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J Clin Psychopharmacol. 1997 Oct;17(5):370-6.

Paroxetine increases heart rate variability in panic disorder.

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Department of Psychiatry, University of Oklahoma Health Science Center, Oklahoma City 73104, USA.


Panic patients have decreased heart rate variability, a risk factor for sudden cardiac death, and increased rates of cardiac death and stroke. Imipramine has been found to further reduce heart rate variability in panic. This study uses power spectral analysis to compare autonomic components of heart rate variability in 16 unmedicated control subjects and 17 panic patients before and after treatment with paroxetine at 20 mg/day for 4 weeks. Patients had higher predrug reclining and standing sympathetic activity than control subjects. After drug, patients' total sympathetic activity decreased. Predrug patients failed to increase sympathetic activity on orthostasis, lacking the normal baroreflex response found in control subjects. After drug, patients normalized this sympathetic component of the baroreflex response. Before drug, patients' parasympathetic reclining and standing activity did not differ from control subjects, and patients showed the normal orthostatic parasympathetic decrease. After drug, patients' total parasympathetic activity increased, whereas the baroreflex response was preserved. Nine medicated patients had more than a 50% reduction of panic attacks. In view of paroxetine's increase of heart rate variability, potential benefits of selective serotonin reuptake inhibitors in decreasing cardiac mortality in panic disorder are discussed.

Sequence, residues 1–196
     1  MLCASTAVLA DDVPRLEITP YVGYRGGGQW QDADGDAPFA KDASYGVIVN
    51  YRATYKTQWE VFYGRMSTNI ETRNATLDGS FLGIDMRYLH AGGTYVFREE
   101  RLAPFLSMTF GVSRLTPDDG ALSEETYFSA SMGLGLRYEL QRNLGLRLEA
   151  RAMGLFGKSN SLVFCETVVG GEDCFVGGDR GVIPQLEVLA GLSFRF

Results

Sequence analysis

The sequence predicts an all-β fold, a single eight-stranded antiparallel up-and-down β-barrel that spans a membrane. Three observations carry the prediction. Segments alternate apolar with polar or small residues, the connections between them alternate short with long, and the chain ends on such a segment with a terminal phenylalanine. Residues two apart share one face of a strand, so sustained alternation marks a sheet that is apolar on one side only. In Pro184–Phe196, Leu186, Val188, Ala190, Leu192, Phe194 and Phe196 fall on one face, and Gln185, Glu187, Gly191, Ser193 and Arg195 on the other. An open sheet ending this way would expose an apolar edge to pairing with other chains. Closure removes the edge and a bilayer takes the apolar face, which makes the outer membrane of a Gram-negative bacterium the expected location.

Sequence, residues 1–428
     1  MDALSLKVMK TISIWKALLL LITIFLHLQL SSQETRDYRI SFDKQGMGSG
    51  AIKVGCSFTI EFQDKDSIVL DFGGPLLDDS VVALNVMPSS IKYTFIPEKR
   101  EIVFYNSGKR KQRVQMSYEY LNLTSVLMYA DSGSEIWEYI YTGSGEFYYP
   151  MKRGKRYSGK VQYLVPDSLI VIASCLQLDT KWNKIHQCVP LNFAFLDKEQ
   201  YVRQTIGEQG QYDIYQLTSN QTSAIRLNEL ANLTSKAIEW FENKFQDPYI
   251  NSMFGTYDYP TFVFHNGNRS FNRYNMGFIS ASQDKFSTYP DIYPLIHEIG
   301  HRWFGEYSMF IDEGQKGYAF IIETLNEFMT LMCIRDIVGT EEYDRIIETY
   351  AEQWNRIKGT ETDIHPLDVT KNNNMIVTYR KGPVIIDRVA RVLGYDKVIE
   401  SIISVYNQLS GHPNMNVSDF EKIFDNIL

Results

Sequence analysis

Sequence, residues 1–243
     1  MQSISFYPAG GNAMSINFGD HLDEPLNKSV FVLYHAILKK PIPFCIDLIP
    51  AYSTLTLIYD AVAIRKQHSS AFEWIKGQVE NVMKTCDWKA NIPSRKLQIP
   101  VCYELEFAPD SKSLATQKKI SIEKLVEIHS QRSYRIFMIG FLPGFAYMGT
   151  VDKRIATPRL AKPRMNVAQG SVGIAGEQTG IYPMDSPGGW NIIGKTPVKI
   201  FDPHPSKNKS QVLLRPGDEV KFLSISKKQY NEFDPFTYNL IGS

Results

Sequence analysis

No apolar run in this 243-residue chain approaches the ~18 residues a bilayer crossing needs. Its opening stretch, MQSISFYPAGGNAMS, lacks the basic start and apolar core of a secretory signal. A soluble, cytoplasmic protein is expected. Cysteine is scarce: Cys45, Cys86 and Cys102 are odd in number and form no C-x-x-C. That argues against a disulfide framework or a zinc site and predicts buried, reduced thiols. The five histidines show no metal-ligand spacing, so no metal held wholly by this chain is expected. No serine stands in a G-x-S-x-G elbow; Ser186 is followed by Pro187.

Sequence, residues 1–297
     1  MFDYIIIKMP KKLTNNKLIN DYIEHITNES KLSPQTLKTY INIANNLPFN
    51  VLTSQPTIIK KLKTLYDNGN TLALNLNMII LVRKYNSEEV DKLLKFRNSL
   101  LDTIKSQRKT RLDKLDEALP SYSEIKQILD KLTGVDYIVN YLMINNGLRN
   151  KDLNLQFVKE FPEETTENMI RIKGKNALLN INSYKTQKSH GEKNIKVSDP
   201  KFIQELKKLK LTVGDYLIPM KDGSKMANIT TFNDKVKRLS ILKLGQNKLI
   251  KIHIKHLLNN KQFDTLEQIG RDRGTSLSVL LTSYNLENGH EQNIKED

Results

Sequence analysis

[Indexed for MEDLINE]

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